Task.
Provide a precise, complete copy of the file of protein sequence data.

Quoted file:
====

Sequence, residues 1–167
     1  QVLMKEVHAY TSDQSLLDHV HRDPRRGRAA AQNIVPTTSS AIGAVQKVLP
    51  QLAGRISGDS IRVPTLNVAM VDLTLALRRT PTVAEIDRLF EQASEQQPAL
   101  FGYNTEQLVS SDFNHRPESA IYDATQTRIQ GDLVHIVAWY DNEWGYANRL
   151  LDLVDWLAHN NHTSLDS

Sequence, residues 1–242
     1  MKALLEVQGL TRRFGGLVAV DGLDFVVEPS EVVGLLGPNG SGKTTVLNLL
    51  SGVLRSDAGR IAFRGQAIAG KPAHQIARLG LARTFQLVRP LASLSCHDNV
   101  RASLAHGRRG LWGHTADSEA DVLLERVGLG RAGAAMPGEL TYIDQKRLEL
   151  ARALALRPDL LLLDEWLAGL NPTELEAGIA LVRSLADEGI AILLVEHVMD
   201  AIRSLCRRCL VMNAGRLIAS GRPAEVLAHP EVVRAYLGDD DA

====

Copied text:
Sequence, residues 1–167
     1  QVLMKEVHAY TSDQSLLDHV HRDPRRGRAA AQNIVPTTSS AIGAVQKVLP
    51  QLAGRISGDS IRVPTLNVAM VDLTLALRRT PTVAEIDRLF EQASEQQPAL
   101  FGYNTEQLVS SDFNHRPESA IYDATQTRIQ GDLVHIVAWY DNEWGYANRL
   151  LDLVDWLAHN NHTSLDS

Sequence, residues 1–242
     1  MKALLEVQGL TRRFGGLVAV DGLDFVVEPS EVVGLLGPNG SGKTTVLNLL
    51  SGVLRSDAGR IAFRGQAIAG KPAHQIARLG LARTFQLVRP LASLSCHDNV
   101  RASLAHGRRG LWGHTADSEA DVLLERVGLG RAGAAMPGEL TYIDQKRLEL
   151  ARALALRPDL LLLDEWLAGL NPTELEAGIA LVRSLADEGI AILLVEHVMD
   201  AIRSLCRRCL VMNAGRLIAS GRPAEVLAHP EVVRAYLGDD DA